The initial version of neThing.xyz was ok, but I really had to wrangle the LLM: each query involved about 10,000 tokens. So if a user asks for “a box”, it is not 2 input tokens I’m paying for, it is 10,002 tokens. I knew I needed a more scalable approach…

Enter the RAG-a-thon

The announcement of the “RAG-a-thon” presented the perfect opportunity to quickly integrate RAG into neThing.xyz. For those familiar with the whirlwind nature of hackathons, you’ll understand when I say that time always seems to be in shorter supply than anticipated, often leading one to overestimate what can be accomplished. (For me, I usually overestimate what I can achieve by 3–10x!) With this in mind, I tried to set a modest goal for the weekend: add LlamaIndex to neThing.xyz.

My ultimate aim was to leverage LlamaIndex to dramatically expand the corpus of documentation available to neThing.xyz. But in the theme of setting a low bar, I started by just breaking down my very large system prompt into a set of documents that LlamaIndex could retrieve from AstraDB, bringing back only the most relevant example code for a given user’s query.

With significant assistance from Logan Markewich from the LlamaIndex team, I managed to implement RAG via LlamaIndex and AstraDB in a single day. This immediately reduced the average number of tokens per user query from about 10,000 to roughly 2,000. The impact of this was huge, resulting in an 80% cost reduction in our OpenAI bill in just one day — a change that was incredibly meaningful for us as a small business.

While I am personally passionate about the myriad ways in which RAG can make LLMs smarter, I want to emphasize the immediate ROI that RAG provided. By simply reorganizing the same set of information for retrieval through LlamaIndex, we achieved significant cost savings with minimal effort. As an entrepreneur, an 80% reduction in costs with just eight hours of work is a deal I’d take any day of the week.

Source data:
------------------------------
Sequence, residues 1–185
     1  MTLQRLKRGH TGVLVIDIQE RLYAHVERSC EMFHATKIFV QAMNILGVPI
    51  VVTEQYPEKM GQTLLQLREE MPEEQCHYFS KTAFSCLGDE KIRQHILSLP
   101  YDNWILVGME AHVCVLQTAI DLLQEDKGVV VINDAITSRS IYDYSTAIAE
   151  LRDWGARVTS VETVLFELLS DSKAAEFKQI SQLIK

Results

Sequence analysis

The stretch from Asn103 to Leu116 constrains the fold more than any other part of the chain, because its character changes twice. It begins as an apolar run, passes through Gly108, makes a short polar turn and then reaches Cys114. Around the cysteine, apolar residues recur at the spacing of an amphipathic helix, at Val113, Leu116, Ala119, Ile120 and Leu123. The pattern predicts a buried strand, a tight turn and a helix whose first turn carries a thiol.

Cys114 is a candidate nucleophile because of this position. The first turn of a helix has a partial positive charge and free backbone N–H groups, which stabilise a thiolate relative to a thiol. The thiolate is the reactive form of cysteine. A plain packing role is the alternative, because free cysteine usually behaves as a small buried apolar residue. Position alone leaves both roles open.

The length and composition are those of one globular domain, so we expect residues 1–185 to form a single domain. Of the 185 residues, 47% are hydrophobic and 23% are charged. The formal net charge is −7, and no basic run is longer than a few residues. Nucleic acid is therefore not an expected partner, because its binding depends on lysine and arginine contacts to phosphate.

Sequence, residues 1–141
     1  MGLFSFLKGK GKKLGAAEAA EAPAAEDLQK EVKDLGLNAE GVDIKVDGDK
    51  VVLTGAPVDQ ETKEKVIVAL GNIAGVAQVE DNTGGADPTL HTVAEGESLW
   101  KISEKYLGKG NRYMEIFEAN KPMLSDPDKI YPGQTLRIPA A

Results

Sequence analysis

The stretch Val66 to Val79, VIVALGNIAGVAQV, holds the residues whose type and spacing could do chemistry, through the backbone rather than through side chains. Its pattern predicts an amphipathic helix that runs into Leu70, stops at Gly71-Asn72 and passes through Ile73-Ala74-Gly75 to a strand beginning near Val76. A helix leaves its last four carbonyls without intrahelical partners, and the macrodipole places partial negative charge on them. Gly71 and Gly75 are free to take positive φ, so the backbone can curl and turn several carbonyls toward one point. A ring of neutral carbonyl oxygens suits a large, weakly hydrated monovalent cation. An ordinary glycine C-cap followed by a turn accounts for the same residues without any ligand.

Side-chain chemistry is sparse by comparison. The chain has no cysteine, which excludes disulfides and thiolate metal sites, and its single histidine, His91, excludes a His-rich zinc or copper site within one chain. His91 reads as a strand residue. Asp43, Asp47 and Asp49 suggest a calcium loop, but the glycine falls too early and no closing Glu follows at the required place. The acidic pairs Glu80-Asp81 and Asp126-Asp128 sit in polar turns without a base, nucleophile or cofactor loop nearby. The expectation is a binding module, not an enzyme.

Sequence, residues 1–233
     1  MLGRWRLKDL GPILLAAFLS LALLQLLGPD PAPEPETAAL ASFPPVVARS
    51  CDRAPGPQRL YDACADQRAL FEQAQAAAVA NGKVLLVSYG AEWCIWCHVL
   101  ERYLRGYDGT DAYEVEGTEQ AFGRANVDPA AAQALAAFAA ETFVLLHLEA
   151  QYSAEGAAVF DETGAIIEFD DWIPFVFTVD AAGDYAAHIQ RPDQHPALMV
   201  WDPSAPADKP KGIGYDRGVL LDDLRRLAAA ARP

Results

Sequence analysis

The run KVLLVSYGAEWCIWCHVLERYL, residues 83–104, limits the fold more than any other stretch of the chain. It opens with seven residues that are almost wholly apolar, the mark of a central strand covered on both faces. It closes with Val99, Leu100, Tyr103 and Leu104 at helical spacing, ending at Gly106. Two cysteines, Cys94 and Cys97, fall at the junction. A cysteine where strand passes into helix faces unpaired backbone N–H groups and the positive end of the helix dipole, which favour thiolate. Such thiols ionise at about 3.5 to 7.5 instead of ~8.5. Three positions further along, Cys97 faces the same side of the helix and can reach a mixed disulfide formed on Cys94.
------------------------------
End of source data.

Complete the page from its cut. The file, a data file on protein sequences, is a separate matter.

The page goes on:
On the final Sunday of the RAG-a-thon, I dedicated most of my time to ensuring that my demo would function correctly. The “demo gods” blessed me that day: I won first place in the “continuous innovation” track!

Examples of neThing.xyz in Action:






What’s Next?

My goal with neThing.xyz is to make the best 3D generative AI for engineers, with a focus on “text-to-CAD”. This is a really hard problem, and I shared some of these challenges with LlamaIndex in our recent webinar, and in more detail on Wevolver.

Our key objectives are to make neThing.xyz faster, smarter, and cheaper. We are leveraging LlamaIndex to orchestrate the entire RAG pipeline, and we are really excited about the amazing pace of developments in this open source community.

What would it take to get a part like this from a natural language prompt?

Honestly, I don’t know how to do it.

We are just getting things off the ground and I would be tremendously excited to have you join our community. Our AI will only ever be as smart as the sum of the community that trained it, and we are excited to see what you will create!

Please give neThing.xyz a try today and share your honest feedback with us via our new community forum. Your input will play a crucial role in our ongoing development efforts, helping us to refine and improve the tool.

Make it real.


P.S. — This article is titled Part 1 for a reason. What do you want to see in Part 2? Tell me below!